Incarnate God

I’ve just finished reading The Suffering of God by Terence Fretheim. He is mainly concerned with Old Testament theology, however, his writings about God’s relationship with the world seem to resound with Advent themes.

Whatever may have been the case before the creation of the heavens and the earth, since the creation God has taken up residence within that creation, and thus works from within the world, and not on the world from without.

Fretheim writes about those accounts in the Old Testament when God appears briefly in human form (called ‘theophany’). Though he isn’t talking specifically of Jesus, what he says about God in human form would apply to Jesus’ incarnation as well.

God’s appearance in human form reveals God’s vulnerability. Appearance only associated with storm phenomena could give a quite different impression. It could suggest that God is totally in control of the situation; the only possible responses before God would be fear and dread. But appearance in human form, even in the midst of such phenomena, reveals another perspective. It suggests an entering into the life of the world that is more vulnerable, where the response can be derision or incredulity. It is to put oneself concretely into the hands of the world to do with as it will.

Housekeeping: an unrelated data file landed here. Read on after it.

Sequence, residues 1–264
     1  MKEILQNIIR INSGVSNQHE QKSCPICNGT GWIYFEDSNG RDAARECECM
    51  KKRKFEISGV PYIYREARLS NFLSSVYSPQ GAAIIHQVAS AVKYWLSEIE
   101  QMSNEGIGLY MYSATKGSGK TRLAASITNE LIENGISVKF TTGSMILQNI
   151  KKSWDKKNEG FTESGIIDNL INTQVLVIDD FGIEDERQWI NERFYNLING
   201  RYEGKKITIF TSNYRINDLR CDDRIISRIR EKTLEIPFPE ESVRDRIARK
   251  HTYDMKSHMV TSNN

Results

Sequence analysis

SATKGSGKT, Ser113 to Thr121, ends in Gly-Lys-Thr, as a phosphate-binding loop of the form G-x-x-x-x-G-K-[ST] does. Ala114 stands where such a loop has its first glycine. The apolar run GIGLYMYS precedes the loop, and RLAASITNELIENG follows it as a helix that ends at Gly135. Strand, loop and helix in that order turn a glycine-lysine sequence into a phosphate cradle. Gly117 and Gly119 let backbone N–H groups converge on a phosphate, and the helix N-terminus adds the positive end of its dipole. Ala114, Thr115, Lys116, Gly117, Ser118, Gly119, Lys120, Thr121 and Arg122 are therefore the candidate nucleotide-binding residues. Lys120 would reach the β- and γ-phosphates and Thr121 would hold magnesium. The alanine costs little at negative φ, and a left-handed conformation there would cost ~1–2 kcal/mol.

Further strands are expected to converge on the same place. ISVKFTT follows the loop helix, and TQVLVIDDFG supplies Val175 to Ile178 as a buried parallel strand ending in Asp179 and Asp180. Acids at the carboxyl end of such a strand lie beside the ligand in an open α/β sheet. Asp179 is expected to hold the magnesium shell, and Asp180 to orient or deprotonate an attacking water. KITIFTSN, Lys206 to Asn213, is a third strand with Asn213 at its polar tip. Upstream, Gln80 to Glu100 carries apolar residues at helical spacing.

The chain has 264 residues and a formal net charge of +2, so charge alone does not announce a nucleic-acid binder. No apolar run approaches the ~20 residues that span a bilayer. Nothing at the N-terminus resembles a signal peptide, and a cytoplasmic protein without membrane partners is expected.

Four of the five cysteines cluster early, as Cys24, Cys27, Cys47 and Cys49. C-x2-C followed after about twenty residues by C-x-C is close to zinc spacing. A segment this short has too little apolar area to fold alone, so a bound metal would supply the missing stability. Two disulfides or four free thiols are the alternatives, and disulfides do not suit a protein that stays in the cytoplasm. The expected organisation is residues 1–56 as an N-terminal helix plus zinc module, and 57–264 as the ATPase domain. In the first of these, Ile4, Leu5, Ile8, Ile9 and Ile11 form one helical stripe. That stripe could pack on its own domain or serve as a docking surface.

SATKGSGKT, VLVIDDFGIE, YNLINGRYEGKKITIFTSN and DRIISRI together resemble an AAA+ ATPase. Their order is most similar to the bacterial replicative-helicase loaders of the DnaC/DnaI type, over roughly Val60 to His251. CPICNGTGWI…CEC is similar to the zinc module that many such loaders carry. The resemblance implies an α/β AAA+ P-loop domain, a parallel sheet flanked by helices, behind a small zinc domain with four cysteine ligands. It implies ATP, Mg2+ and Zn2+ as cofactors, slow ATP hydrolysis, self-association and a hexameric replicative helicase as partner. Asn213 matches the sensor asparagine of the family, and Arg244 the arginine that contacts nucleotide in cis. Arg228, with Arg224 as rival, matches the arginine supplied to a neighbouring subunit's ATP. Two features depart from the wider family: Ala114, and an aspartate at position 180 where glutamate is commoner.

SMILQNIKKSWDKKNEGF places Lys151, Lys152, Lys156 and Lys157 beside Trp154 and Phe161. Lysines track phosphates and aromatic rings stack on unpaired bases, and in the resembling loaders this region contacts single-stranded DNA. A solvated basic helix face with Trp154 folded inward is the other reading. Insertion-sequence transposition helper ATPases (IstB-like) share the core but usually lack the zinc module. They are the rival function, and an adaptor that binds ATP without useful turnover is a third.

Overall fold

It is revealing of the ways of God that the word is enfleshed in bodies of weakness within the framework of commonplace, everyday affairs, and not in overwhelming power. For even in those instances where the vestments of God’s appearance are threaded with lineaments of power, they clothe a vulnerable form. There is no such thing for Israel as a nonincarnate God.

Do we see God at work in our ‘commonplace, everyday affairs?’ Why would God choose to come with vulnerability, with openness to the freely chosen responses of ordinary people? How do we open ourselves to this kind of God?

For followers of Jesus, what does this kind of vulnerability mean? Do we try to help save the world by removing ourselves and standing apart from it? How far are we willing to go to ‘take up residence’ with others, making ourselves vulnerable to scorn and rejection?

Peace, Karlene


~ by churchplantchat on December 3, 2009.

One Response to “Incarnate God”

  1. That’s nice, thanks.

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